Tuesday, 31 August 2010
ECU’s Centre for Entertainment, Arts, Technology, Education and Communications (CREATEC), the Perth Institute of Contemporary Arts (PICA), the Fogarty Foundation and Rio Tinto have joined together to launch the Growing Future Innovators (GFI) study.
The study, completed over the past 18-months, examines how contemporary arts organisations such as PICA can deliver ‘next practice’ school learning programs that encourage and promote innovation, not just in the arts but potentially across a range of other disciplines.
Co-authored by Research Fellow at ECU, Dr Julie Robson and Research Fellow, ARC Centre for Excellence in Creative Industries and Innovation, Dr Luke Jaaniste, the study consists of a detailed review of local, national and international policies relating to arts education, along with case studies of innovative programs implemented by eighteen contemporary arts organisations across Australia and the UK.
The study has led to the development of a three-year pilot program to be delivered by PICA in partnership with a number of metropolitan and regional primary schools in WA, with the hope it will encourage teachers and students to implement the values of innovation, creativity and self-efficacy.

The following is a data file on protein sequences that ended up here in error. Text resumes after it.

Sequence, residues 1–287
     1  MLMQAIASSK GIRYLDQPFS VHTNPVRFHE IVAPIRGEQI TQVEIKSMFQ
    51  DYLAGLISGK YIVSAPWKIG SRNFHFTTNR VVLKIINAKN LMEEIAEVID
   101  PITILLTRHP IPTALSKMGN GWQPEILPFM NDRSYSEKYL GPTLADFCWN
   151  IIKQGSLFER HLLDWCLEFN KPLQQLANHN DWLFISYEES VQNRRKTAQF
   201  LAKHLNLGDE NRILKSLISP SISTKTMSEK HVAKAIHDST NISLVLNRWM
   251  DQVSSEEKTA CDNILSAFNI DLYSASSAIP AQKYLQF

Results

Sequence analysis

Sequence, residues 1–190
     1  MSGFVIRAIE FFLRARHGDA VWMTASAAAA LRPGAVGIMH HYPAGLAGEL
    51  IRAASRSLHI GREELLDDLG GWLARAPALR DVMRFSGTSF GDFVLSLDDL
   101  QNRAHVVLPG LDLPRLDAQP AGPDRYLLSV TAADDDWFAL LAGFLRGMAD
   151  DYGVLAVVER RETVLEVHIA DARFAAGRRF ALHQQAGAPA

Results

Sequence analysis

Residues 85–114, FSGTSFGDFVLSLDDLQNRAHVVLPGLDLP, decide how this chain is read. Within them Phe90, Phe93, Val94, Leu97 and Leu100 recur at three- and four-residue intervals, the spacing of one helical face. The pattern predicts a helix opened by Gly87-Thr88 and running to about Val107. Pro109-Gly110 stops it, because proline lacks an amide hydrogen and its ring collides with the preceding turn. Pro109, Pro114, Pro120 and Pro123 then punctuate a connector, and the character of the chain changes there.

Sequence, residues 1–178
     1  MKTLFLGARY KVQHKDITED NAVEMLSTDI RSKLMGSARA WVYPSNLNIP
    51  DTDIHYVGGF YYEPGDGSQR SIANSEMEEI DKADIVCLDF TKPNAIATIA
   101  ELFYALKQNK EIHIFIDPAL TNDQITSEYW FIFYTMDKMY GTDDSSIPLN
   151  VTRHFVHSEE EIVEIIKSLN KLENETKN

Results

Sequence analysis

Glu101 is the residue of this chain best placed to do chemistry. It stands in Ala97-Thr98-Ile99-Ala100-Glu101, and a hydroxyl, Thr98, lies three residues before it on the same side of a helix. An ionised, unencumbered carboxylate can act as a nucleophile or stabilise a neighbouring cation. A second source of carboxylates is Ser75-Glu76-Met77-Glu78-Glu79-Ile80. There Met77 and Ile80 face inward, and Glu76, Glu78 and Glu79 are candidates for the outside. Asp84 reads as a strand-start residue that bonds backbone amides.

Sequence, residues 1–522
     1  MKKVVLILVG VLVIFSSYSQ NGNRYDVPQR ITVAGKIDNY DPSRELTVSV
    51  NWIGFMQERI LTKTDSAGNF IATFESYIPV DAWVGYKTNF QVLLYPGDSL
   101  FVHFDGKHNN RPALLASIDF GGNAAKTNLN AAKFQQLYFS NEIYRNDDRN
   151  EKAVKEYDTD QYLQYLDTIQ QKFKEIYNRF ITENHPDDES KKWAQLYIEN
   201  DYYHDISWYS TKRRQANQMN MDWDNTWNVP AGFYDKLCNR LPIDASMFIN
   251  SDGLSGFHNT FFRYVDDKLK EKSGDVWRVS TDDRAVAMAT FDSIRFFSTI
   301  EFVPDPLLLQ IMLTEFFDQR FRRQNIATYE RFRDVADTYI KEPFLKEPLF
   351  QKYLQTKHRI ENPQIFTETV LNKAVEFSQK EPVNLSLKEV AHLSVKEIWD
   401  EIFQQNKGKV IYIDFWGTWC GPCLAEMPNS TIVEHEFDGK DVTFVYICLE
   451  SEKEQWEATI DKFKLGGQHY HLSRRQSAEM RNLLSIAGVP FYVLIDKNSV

The pilot program, funded by generous contributions of $470,000 from Rio Tinto and $68,000 from the Fogarty Foundation, will allow primary and secondary school students to directly engage with professional artists and the latest in contemporary arts practices, and will be monitored by ECU.
Pro-Vice-Chancellor (Engagement, Equity and Indigenous) and Executive Dean, Faculty of Education and Arts, Professor Brenda Cherednichenko believes involvement in this international program is a wonderful opportunity for ECU.
“Growing Future Innovators will not only stimulate and enthuse young children in our schools but will also have a striking impact on our colleague teachers, ECU educators and families in the wider community.
“ECU is committed to working on partnerships for education, research and development and GFI is a wonderful model for future collaborations, which engage a wide cross section of the community,” said Professor Cherednichenko.
It is expected the three-year pilot program will be launched at the beginning of 2011 throughout a number of primary and secondary schools in WA.
For more information on the program, visit the Perth Institute of Contemporary Arts website.